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Constant Velocity Joint Maintenance

The 1968 auto stick and 1969 and newer bugs all had what is referred to as the IRS or independent rear suspension. On these models the axles were able to pivot on both ends which allowed the wheel to stay nearly vertical at all times.

This got rid of the wheel tuck that Ralph Nader was so worried about. The axle pivots with what is called a constant velocity joint which accomplishes the same function as a universal joint. The older model VWs had a flex joint only at the transmission end of the axle that was lubricated by the transmission grease. The CV joint is packed with grease and protected by a flexible boot. In time this grease can become dirty from wear on the parts or contaminated with dirt and water when the protective boot wears out and begins to split open. When caught in time the CV joint can be cleaned and repacked and the boots replaced. Doing this yourself could actually save you hundreds of dollars. The axle with the CV joints can be removed from the car by removing the special bolts that hold them. These bolts will either have a 6mm Allen socket or a serrated socket that takes a special tool that you can be bought from your favorite VW parts vender for less than $10.


It is good to clean out the bolt sockets so the tool will bottom out when installed.

Once the bolts are removed the CV joint can be tapped on with a hammer and will come loose.


To remove the CV joint from the axle remove the C clip from the end.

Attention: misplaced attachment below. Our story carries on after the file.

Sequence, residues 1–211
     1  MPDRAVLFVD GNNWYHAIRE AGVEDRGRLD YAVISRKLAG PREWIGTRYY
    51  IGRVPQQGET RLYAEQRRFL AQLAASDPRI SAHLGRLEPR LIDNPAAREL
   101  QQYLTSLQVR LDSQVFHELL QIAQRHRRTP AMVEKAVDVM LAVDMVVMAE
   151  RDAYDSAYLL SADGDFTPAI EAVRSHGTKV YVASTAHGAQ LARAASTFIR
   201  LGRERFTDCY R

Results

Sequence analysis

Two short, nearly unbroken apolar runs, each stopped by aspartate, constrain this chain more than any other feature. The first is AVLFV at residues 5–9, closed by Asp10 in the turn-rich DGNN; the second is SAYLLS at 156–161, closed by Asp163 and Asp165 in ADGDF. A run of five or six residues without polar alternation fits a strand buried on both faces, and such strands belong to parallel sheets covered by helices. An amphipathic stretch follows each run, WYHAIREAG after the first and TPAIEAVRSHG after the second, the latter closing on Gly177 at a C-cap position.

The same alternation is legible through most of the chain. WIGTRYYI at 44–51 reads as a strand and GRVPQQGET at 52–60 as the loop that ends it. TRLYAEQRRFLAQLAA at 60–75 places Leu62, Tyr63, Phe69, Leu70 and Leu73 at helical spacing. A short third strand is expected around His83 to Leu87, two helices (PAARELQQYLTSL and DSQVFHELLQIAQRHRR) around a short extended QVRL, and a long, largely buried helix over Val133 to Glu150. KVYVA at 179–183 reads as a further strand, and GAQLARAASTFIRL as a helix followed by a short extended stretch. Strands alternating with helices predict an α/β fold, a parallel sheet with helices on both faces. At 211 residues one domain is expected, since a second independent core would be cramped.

The boot and its metal flange can be easily knocked off the edge of the joint and later removed from the axle.

Notice that the shoulder on the edge that bolts to the car is thinner than the edge that is next to the boot.
Then the axle can be driven out of the joint. I use a brass punch so as not to damage any of the splines.
Notice that the spacer under the CV joint has cupped side next to the joint.
The joint can now be cleaned and inspected.
When taking apart the CV joint there is one main thing to remember. The wide area on the outer piece will be across from the narrow area of the inner piece.
It will go back together both ways but will be rigid if the wide areas are in line with each other. The center will pivot right out of the joint for a thorough inspection.
You will be looking for black rough areas in the balls.
Wear in the grooves is very obvious as well.
The new boot kit will come with new bolts, clamps, C clip, spacer, and even grease.
If you are just servicing the joints use the Moly grease. You put the joint back on the same way it came off. The inner edge of the CV spline is beveled to help it to start easier. You may have to tap it on with a hammer.
A large socket can help to drive it home.
The same socket could help the clip into the groove once it is placed onto the end of the axle.
If you are using the grease that came with the kit you will want to put about 2/3 (2oz.) on the boot side of the joint
and the rest on the outer side. Be sure to work it into the joint.
Once one is done it can be wrapped in a plastic bag until you have finished with the rest.
All that is left is to bolt them back onto the car. As always you can see this done in detail in our Bug Me Video series, Vol.5 Transmission replace.

Rick Higgins and Crew
Bug Me Video, Inc

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